Metering for the AD-16X is rudimentary. Each channel sports one green LED that glows brighter as digital output level increases from -36 to 0 dBFS and a red LED for digital “overs.” You can clear the red LEDs manually or automatically by employing one of two peak-hold modes. One mode clears the meters after one second, while the other does so when signal level drops below -50 dBFS for at least five seconds and then recovers (as happens when starting a new take).


The 1U rackmountable DA-16X supports the same digital formats and sampling rates as the AD-16X, and all of its I/O are also on its rear panel. I/Os include two DB25 connectors for the 16 analog outputs, another DB25 providing AES/EBU input (16 channels of single-wire or eight channels of double-wire format), four Toslink connectors for ADAT- and S/MUX-formatted digital inputs and an option card slot to accommodate digital inputs via an X-FireWire or X-HD card. (The option cards are bi-directional and can therefore be used in multiple AD-16X and DA-16X units to achieve, for example, 32 inputs and outputs at once with Pro Tools.) Word clock I/O (on BNCs) and an AC receptable round out the DA-16X’s rear panel. Unfortunately, the unit’s word clock termination switch is located inside the chassis. Apogee remedied this; in later batches, the switch is located outside the chassis.

Apogee DA-16X

The DA-16X can lock to internal crystal, word clock input or digital input (i.e., clock embedded in a digital audio signal) and features the same WC Ratio function as the AD-16X.

The DA-16X ships calibrated to provide +4dBu analog output for a -16dBFS digital input, but can be calibrated globally or on a per-channel basis with the same incremental resolution and over the same range as the AD-16X. An internal oscillator with adjustable digital reference level is included to aid calibration. A single green LED for each channel indicates digital input level from -36 to 0 dBFS according to how bright it shines.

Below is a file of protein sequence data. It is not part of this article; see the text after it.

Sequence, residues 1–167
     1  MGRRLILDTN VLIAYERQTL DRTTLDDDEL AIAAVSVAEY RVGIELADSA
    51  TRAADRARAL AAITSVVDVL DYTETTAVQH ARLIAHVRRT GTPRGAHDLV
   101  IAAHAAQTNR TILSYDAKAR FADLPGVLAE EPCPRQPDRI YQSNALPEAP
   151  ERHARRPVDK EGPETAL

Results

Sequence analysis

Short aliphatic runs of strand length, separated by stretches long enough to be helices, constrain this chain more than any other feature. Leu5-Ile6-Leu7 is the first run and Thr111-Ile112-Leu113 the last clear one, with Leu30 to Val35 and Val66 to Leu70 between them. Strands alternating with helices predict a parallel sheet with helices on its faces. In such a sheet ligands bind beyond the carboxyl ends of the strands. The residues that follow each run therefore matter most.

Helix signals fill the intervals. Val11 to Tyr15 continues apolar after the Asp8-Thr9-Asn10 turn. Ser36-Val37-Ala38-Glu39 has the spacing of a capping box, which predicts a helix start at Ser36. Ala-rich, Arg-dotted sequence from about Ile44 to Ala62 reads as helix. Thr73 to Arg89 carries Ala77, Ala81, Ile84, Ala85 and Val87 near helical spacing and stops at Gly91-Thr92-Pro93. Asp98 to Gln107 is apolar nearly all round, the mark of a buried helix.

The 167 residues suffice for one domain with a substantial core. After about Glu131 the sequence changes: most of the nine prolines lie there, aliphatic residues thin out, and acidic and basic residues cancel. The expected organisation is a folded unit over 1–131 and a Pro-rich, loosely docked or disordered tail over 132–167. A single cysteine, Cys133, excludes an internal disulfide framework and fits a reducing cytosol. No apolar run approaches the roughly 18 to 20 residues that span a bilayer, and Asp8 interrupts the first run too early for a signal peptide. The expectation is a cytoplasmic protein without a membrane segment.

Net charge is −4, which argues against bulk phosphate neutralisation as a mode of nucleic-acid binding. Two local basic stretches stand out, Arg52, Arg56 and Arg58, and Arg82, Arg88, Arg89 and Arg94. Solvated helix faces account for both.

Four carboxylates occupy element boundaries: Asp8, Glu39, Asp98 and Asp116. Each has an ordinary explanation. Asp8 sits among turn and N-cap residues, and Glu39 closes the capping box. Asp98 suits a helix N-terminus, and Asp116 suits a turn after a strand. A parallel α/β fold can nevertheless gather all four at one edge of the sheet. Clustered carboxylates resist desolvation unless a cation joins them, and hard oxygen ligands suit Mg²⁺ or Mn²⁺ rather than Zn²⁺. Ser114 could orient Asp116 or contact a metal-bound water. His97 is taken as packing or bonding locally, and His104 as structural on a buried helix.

With an A-weighted dynamic range of 120 dB, the AD-16X’s converters conveyed a strong sense of realism. In A/B tests, they provided significantly greater depth, focus and high-frequency detail than the Apogee Rosetta 800’s A/D converters. The Rosetta 96’s A/Ds, on the other hand, provided a hair more depth and fluidity in mids and highs than the AD-16X’s converters. The differences were extremely subtle, but sounded as if the mics were moved a couple inches closer to the source (without added proximity effect) from a couple feet away to reveal a tad more nuance.

The DA-16X’s converters boast an A-weighted dynamic range of 118 dB. They sounded a little more fluid, warmer, sweeter and 3-D than the D/As in the Benchmark DAC-1. Compared to the D/As in a Rosetta 800 (with the entire system slaved to Big Ben clock), the DA-16X’s converters offered slightly better transient response and more open low mids, but the Rosetta 800’s bottom end sounded slightly bigger and tighter.

While neither unit is inexpensive, the AD-16X and DA-16X represent a dramatic breakthrough in price-per-channel for high-performance converters. To my knowledge, there are no other high-end converters on the market that deliver such world-class performance at such a great price. I highly recommend them. Price: $3,495 (basic configuration).

Apogee, 310/915-1000,